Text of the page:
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18% or 12%? Fresh ruling on GST rate for sanitisers underlines need for rethink

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The Authority of Advanced Rulings (AAR) has said that hand sanitisers should be subject to 18 percent GST rate.

18% or 12%? Fresh ruling on GST rate for sanitisers underlines need for rethink
The Authority of Advanced Rulings (AAR) has said that hand sanitisers should be subject to 18 percent GST rate – amid a broader backdrop of the product achieving near ubiquity and even being considered an ‘essential commodity’ by the government.
The ruling came after a manufacturer, Springfields (India) Distilleries, sought clarity on whether sanitisers can be treated as ‘medicaments’ because of their therapeutic or prophylactic use, and hence charged 12 percent GST that is levied on the category.
The applicant also urged the authority to rule on whether the product should be exempt from GST, given that it was termed essential commodity by the government.
But the AAR said alcohol-based sanitisers, which are used to “maintain hygiene” did not contain any curative or preventive ingredients and hence could not be considered medicaments.
“Alcohol-based hand sanitisers are classifiable under heading 3808 of HSN (pertaining to disinfectants) on which rate of GST applicable is 18 percent,” the AAR said.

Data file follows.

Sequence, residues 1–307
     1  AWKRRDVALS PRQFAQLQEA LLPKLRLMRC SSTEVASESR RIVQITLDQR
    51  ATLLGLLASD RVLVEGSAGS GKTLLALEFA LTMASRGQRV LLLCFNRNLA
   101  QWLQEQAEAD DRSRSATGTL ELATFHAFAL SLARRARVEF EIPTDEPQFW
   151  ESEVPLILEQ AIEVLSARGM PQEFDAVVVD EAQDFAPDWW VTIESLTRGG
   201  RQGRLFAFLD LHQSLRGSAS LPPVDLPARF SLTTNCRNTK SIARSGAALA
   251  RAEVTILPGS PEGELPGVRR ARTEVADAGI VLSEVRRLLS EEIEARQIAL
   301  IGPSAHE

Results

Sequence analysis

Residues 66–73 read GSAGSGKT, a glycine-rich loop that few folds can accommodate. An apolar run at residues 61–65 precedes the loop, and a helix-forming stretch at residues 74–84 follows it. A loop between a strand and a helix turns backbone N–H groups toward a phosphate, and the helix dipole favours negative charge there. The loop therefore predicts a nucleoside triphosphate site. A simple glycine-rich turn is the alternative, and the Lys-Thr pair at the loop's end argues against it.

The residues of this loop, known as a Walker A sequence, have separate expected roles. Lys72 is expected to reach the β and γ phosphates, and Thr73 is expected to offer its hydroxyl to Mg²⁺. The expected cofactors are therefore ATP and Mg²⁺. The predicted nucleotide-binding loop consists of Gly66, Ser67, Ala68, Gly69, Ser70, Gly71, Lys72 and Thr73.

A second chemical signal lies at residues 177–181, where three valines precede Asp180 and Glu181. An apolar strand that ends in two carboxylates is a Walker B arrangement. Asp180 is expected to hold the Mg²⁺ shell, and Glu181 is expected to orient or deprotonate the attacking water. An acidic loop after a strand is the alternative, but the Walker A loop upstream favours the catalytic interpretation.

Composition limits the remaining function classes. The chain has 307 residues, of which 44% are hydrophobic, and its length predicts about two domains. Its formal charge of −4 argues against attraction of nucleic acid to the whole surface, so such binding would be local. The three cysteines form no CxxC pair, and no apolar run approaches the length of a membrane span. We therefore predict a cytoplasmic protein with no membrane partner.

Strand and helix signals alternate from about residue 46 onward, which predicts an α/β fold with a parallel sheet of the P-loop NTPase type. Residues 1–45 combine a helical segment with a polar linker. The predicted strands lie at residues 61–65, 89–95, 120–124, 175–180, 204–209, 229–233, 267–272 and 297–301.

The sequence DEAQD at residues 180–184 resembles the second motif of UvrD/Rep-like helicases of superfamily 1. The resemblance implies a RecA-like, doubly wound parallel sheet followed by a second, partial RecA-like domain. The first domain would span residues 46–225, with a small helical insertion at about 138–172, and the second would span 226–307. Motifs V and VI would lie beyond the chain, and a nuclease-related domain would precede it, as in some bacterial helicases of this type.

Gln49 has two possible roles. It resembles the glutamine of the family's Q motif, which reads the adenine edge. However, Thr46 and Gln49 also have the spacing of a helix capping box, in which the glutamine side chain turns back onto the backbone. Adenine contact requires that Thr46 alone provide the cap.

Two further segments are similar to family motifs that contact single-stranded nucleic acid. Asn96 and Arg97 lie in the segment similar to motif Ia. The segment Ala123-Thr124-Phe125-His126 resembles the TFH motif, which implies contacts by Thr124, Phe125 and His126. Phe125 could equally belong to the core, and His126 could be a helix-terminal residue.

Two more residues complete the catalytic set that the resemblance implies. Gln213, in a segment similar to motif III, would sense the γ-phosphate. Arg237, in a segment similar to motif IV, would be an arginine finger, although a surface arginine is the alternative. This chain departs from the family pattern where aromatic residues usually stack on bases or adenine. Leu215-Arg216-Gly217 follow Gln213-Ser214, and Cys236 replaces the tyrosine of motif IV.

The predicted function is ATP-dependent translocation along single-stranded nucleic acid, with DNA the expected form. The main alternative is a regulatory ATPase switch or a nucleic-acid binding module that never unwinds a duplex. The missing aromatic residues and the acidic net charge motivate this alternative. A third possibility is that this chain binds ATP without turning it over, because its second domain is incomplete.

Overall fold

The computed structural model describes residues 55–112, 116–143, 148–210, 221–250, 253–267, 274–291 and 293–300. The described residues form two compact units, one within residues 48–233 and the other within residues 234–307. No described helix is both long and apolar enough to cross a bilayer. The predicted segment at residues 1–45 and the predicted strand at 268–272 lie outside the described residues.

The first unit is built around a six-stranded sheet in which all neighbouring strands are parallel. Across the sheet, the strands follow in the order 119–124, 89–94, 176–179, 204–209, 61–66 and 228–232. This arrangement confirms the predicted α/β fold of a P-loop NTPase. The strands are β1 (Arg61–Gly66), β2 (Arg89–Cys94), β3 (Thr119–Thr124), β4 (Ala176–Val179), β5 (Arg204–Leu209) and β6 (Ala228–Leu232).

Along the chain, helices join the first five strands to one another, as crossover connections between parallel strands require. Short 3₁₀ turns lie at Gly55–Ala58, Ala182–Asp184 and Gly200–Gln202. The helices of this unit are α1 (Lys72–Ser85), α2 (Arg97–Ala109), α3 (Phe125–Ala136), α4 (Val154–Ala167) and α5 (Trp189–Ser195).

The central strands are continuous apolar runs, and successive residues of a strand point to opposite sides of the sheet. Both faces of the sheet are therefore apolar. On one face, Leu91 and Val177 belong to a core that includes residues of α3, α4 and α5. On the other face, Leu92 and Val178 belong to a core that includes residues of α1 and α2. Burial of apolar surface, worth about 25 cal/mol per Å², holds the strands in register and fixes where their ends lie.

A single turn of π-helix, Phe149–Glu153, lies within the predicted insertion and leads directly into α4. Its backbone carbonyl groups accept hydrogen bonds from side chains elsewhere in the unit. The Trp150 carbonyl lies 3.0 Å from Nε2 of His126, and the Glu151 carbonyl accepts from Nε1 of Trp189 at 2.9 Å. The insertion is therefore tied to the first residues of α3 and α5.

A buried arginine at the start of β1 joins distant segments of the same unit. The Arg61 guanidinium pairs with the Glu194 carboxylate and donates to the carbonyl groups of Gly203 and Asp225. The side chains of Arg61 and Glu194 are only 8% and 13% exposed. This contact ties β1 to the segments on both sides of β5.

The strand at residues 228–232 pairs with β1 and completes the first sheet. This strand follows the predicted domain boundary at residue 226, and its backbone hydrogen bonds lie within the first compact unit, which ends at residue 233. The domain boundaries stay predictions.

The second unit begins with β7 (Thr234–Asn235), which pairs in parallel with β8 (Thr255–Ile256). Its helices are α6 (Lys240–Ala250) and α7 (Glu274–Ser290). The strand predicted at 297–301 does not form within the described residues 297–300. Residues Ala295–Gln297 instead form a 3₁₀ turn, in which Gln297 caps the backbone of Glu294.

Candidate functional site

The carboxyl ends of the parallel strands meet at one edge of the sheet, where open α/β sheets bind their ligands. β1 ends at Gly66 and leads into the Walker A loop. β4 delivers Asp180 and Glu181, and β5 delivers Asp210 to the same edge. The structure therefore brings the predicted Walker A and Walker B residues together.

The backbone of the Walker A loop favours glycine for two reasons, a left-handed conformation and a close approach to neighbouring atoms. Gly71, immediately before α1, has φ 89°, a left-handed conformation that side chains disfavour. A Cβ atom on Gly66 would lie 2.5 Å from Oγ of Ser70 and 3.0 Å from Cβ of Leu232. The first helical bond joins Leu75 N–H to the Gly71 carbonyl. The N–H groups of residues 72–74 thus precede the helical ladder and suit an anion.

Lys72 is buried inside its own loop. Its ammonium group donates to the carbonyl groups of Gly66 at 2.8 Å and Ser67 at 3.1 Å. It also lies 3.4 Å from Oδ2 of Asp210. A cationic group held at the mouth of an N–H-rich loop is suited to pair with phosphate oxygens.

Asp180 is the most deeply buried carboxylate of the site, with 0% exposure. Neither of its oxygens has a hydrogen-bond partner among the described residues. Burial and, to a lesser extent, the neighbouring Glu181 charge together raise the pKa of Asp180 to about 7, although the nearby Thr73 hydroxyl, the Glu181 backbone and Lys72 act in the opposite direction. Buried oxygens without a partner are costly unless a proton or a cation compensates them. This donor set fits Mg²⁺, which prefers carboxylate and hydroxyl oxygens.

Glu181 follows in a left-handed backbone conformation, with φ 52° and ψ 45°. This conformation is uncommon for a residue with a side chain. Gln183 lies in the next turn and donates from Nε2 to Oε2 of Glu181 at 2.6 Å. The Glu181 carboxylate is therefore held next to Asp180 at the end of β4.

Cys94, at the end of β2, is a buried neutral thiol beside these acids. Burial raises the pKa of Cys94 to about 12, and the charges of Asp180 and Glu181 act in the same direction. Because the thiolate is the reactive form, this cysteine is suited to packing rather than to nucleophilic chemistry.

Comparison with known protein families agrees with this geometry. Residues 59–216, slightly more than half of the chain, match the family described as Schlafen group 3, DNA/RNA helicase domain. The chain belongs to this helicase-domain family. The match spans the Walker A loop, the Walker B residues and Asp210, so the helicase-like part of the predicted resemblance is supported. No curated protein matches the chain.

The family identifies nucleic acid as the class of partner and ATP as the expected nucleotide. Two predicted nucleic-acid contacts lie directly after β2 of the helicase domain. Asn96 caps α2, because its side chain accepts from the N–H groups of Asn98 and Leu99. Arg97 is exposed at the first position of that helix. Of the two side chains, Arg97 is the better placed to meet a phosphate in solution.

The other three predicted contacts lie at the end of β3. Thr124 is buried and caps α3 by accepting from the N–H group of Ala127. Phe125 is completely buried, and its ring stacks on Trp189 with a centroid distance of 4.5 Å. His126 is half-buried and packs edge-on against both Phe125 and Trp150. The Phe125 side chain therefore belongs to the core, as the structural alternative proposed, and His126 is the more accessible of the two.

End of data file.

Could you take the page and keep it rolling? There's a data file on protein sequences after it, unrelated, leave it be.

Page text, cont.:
Besides, it added that “merely classifying any goods as essential commodity will not be the criteria for exempting such goods from GST.”
Recently, the directorate general of GST intelligence had written an internal letter to its officers stating that hand sanitisers fall within the tax bucket of 18 percent. The letter was written to highlight potential evasion of taxes by distilleries and manufacturers by classifying sanitisers in the 3004 HSN (medicaments) bracket.
Experts, however, say the government should consider slashing the GST rate on hand sanitisers given their importance in fighting the pandemic.
The AAR’s ruling is in line with the previous view taken by GST authorities over the debate on whether they qualify as a medicament or disinfectant, said Abhishek Jain, Tax Partner, EY.
“Given its significance during the pandemic and with multiple players now into manufacturing of this product, the government should consider issuing an explicit clarification to control unwarranted litigation on this aspect,” he said.
The government should consider exempting hand sanitisers from GST considering their importance in today’s times, said Anita Rastogi, PwC Partner, GST and Indirect tax.
She added that the debate on the rate on sanitisers was “yet another classic case of multiple GST rates causing challenges."
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